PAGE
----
Installing Greenplum for Kubernetes

This topic describes how to install Pivotal Greenplum for Kubernetes. The installation process involves loading the Greenplum for Kubernetes container images into your container registry, and then using the helm package manager to install the Greenplum Operator resource in Kubernetes. After the Greenplum Operator resource is available, you can interact with it to deploy and manage Greenplum clusters in Kubernetes.


Before you install Greenplum for Kubernetes, ensure that you have installed all required software and prepared your Kubernetes environment as described in Prerequisites.


Follow these steps to download and install the Greenplum for Kubernetes container images, and install the Greenplum Operator resource.

  1. Download the Greenplum for Kubernetes software from Pivotal Network. The download file has the name: greenplum-for-kubernetes-<version>.tar.gz.

  2. Go to the directory where you downloaded Greenplum for Kubernetes, and unpack the downloaded software. For example:

    $ cd ~/Downloads
    $ tar xzf greenplum-for-kubernetes-*.tar.gz

    The above command unpacks the distribution into a new directory named greenplum-for-kubernetes-<version>.

  3. Go into the new greenplum-for-kubernetes-<version> directory:

    $ cd ./greenplum-for-kubernetes-*
  4. (This step is for Minikube deployments only.) Ensure that the local docker daemon interacts with the Minikube docker container registry:

    $ eval $(minikube docker-env)

    Note: To undo this docker setting in the current shell, run eval "$(docker-machine env -u)".

  5. Load the Greenplum for Kubernetes Docker image to the local Docker registry:

    $ docker load -i ./images/greenplum-for-kubernetes
    91d23cf5425a: Loading layer [==================================================>]  127.3MB/127.3MB
    f36b28e4310d: Loading layer [==================================================>]  11.78kB/11.78kB
    6cb741cb00b7: Loading layer [==================================================>]  15.87kB/15.87kB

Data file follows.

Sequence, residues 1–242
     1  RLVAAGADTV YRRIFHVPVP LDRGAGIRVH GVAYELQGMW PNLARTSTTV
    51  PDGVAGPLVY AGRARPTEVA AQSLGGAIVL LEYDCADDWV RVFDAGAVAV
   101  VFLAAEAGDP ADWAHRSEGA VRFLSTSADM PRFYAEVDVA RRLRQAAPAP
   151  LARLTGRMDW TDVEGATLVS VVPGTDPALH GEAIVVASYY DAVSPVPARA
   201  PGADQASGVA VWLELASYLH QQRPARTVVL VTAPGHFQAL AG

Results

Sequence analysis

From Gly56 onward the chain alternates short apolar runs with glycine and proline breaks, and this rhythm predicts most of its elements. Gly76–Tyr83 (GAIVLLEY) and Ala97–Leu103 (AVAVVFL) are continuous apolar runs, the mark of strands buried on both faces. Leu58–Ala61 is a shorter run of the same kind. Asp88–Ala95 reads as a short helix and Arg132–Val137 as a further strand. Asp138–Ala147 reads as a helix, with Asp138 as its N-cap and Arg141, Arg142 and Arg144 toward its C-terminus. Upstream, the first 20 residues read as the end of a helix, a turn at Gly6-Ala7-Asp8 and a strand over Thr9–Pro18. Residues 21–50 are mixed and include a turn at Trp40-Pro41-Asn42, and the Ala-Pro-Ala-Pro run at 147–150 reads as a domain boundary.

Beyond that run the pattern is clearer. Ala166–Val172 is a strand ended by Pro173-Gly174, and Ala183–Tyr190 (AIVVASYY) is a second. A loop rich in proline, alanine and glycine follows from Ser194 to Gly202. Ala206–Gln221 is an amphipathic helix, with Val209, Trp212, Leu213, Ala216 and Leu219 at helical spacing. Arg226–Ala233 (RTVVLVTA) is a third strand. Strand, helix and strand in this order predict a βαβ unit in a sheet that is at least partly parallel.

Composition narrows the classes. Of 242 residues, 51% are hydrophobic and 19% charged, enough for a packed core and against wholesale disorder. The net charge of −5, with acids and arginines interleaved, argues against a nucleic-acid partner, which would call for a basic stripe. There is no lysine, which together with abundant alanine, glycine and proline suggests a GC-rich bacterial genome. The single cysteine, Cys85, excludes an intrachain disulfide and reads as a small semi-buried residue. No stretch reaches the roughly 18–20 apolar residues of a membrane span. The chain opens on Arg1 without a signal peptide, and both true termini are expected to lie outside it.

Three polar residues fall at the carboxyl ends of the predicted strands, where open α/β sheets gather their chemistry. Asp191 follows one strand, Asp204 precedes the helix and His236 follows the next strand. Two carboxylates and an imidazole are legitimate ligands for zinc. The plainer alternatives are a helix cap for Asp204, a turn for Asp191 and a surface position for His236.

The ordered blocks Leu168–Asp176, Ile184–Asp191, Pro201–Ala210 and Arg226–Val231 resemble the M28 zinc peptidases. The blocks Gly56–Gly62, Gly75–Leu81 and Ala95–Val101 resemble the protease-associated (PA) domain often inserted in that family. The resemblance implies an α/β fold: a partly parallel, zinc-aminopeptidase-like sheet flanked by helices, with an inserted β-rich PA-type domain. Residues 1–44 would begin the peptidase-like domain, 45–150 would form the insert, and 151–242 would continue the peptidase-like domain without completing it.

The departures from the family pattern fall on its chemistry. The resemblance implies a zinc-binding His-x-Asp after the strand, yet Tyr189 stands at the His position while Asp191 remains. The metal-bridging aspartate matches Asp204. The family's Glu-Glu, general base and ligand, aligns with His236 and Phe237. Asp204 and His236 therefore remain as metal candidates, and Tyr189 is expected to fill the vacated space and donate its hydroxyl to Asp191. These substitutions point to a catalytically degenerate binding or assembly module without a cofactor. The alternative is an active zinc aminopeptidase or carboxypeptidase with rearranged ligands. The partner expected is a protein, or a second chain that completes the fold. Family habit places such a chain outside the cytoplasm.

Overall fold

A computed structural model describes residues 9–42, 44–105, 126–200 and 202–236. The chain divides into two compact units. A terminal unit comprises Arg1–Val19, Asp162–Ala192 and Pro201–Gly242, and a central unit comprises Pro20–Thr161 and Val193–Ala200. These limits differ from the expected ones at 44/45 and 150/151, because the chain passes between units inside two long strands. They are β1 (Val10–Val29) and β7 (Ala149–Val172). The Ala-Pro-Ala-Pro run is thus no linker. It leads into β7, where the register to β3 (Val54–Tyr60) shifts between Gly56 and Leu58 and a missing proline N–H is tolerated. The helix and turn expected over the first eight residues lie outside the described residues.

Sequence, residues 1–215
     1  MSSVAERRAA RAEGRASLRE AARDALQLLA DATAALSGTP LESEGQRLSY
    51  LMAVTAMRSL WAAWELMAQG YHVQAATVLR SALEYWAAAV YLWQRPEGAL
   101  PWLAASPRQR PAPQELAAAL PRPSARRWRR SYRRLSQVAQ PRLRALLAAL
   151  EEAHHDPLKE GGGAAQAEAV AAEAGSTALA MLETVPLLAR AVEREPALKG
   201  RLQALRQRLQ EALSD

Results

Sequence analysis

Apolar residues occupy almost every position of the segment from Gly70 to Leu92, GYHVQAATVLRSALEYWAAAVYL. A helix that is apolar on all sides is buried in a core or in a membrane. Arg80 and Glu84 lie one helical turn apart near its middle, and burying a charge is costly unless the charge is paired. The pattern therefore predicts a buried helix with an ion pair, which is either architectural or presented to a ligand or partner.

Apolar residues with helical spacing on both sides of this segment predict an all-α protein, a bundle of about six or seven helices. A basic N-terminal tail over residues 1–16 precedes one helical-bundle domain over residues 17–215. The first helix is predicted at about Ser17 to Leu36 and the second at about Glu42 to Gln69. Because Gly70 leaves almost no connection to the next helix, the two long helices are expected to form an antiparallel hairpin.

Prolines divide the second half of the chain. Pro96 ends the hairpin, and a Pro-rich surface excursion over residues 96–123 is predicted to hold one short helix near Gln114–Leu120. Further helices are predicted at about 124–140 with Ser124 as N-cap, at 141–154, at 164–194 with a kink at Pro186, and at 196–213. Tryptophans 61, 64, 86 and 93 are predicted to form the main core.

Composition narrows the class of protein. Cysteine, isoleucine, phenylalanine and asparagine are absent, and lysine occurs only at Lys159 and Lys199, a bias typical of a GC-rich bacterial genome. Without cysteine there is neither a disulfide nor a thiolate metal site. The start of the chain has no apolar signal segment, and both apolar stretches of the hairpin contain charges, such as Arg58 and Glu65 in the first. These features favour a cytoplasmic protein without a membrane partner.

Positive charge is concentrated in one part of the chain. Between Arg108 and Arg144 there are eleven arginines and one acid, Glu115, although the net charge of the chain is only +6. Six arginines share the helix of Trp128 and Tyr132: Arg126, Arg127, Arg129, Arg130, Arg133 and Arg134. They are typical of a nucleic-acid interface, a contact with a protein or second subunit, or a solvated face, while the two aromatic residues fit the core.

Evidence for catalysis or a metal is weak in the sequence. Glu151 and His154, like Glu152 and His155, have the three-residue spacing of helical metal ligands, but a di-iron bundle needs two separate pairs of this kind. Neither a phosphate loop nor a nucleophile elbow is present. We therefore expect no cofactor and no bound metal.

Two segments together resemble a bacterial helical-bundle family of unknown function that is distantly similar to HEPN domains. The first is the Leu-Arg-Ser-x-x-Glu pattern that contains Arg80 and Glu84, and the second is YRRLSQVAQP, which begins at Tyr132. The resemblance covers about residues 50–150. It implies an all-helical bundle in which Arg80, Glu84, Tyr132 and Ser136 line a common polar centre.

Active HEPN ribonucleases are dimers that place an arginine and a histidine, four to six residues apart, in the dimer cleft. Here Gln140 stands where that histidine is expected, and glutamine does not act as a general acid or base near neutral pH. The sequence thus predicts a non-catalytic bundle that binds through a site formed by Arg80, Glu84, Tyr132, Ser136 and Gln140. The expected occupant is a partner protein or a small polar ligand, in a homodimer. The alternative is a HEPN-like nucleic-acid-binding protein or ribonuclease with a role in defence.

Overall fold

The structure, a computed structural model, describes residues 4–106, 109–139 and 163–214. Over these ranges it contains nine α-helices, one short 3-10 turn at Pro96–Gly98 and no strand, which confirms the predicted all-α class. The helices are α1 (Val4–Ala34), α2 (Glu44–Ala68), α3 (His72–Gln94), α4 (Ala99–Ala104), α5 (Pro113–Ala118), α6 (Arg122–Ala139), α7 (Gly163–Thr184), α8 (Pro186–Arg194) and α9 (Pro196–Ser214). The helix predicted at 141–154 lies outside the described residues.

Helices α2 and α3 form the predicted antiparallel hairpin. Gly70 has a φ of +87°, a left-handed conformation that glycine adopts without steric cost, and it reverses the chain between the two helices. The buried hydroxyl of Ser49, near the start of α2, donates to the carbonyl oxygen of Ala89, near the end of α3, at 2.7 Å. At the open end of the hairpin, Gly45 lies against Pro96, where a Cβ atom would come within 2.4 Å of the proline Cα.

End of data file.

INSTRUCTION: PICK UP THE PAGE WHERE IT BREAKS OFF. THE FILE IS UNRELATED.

Loaded image: greenplum-for-kubernetes:v1.12.0
  6. Load the Greenplum Operator Docker image to the Docker registry:

    $ docker load -i ./images/greenplum-operator
    33c58014b5a4: Loading layer [==================================================>]   65.5MB/65.5MB
    a1eabe7eb601: Loading layer [==================================================>]  40.65MB/40.65MB
    511680a9987d: Loading layer [==================================================>]  41.01MB/41.01MB
    Loaded image: greenplum-operator:v1.12.0
  7. Verify that both Docker images are now available:

    $ docker images "greenplum-*"
    REPOSITORY                 TAG                 IMAGE ID            CREATED             SIZE
    greenplum-operator         v1.12.0             852cafa7ac90        7 weeks ago         269MB
    greenplum-for-kubernetes   v1.12.0             3819d17a577a        7 weeks ago         3.05GB
  8. (Skip this step if you are using local docker images such as on Minikube.) If you want to push the Greenplum for Kubernetes docker images to a different container registry:

    1. Set the project name and image repo name and then use Docker to push the images. For example, to push the images to Google Cloud Registry using the current Google Cloud project name:

      $ gcloud auth configure-docker